Alkam finds brand licensing a safer & proven way to scale up


An alumnus of The University of Nottingham, Alok Kamat found brand licensing to be the best bet for vertical expansion of his family business, and thus incorporated Alkam License Products – a 100 per cent licensing driven company. Associated with powerful brands like Barbie, Hot Wheels, Fisher Price for personal care segment, Kamat finds licensing as a safe and proven way to scale up.

Talk to us about your stint with licensing.
I was first exposed to the world of licensing when I was a contract manufacturer for a licensee. There came an opportunity where Mattel Toys was looking to expand their range in kids’ personal care segment. They were looking for someone with a strong manufacturing background. Without too much of doubt we got the contract in 2009 and so far we are together and looking to renew soon. The journey has been exciting because through licensing, in a way you become the owner of a particular brand for your segment.

What made you go the licensing way?
As a manufacturer we were always doing B2B and as a second generation in business there was always a wish to do forward integration, either horizontal or vertical. In vertical integration, either you can have your own brand or go the licensing way. Licensing option seems to be a little more safe and proven and in terms of licensing one thing was that at least the brand enjoys awareness, we just need to ensure that the category is sold to the retailer. That’s why we ventured into licensing zone rather than adapting any other model.

Back in 2009, what were the challenges and how did you manage to cope up with them?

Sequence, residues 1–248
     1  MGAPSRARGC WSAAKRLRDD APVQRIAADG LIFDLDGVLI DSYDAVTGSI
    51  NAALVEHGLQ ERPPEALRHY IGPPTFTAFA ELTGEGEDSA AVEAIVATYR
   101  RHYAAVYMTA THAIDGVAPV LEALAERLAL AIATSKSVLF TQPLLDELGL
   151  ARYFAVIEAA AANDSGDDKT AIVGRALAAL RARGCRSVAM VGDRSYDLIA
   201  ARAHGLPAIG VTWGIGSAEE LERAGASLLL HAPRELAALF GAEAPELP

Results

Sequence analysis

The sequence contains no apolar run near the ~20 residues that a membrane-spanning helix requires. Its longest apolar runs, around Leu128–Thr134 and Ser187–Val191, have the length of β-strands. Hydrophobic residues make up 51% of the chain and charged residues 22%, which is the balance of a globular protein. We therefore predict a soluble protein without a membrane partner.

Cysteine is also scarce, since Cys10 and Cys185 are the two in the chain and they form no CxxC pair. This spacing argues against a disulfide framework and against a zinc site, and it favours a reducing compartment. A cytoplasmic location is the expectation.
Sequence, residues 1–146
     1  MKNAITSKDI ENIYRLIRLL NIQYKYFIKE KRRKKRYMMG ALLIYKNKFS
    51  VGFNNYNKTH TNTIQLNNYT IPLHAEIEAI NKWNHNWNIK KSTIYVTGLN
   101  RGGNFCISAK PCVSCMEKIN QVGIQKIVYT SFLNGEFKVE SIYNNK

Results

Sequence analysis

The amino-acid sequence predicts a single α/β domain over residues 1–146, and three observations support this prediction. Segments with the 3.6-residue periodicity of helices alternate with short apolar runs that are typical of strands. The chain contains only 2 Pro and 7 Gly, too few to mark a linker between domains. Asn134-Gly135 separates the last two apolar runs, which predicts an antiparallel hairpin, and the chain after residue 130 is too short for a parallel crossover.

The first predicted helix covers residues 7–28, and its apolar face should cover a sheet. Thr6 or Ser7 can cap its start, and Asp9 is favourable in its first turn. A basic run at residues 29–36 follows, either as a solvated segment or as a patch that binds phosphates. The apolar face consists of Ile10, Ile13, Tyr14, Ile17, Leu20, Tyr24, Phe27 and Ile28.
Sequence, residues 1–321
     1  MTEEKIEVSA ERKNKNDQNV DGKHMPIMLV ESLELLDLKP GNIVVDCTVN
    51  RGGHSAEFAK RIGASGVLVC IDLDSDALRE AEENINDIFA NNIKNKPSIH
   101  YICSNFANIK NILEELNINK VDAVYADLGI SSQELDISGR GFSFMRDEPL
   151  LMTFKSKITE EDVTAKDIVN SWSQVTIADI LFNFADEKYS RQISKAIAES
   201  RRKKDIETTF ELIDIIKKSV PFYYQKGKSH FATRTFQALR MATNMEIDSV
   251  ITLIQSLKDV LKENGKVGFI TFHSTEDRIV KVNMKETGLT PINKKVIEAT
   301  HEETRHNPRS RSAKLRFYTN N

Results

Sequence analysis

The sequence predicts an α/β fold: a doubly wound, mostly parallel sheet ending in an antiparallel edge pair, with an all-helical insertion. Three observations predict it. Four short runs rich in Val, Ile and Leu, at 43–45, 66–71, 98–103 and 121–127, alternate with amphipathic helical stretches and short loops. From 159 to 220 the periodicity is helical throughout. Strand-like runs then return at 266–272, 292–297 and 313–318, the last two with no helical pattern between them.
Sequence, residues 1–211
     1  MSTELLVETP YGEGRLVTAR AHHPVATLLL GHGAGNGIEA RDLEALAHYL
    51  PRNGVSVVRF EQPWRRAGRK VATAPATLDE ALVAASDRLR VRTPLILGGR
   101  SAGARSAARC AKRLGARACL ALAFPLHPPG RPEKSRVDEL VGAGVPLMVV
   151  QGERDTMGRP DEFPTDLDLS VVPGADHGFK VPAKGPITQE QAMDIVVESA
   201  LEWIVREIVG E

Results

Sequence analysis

The very fact that licensing works on a model where certain amount of fixed guarantee is to be given, is the biggest challenge. Operating as a B2B, we were never in the position where we had to commit something even before earning something.

Other challenge in terms of marketing particularly for character brands was that character is well known for certain retailers, big market players but when the same character goes on to a shampoo bottle, face wash or a sanitizer, unfortunately those products are mainly sold in chemist shops. So either the retailers were not willing to keep those products because they didn’t understand why a toy brand would be sold from serious retail point like a pharmacy.

Other way round was that big retailers for kids’ apparel or toys knew the brands but they didn’t know the product. The challenge was integrating both sides, which we did by spending huge on BTL marketing, window display and brought retail space or floor space.

Further, given our background, the retailers trusted us and kept the products to test waters. This lead to complete hammering and since the brand was good, the first time consumer came back again and again. It took us good 4-5 years to set our foot, but now we are the market leaders in this category.

Earlier you had Disney IPs in your portfolio. What made you drop them?
There was too much of cross licensing which is not a healthy position for any licensee because if there are many players carrying the same brand name and serviced by different company, then the consumers and retailer both are lost and the market shares are hampered.

Infact we are not on any exclusivity deal with Mattel Toys, but there is a trust and exclusivity under-written that until there is a big mess-up done by us if the numbers start falling, they won’t look out for other licensees.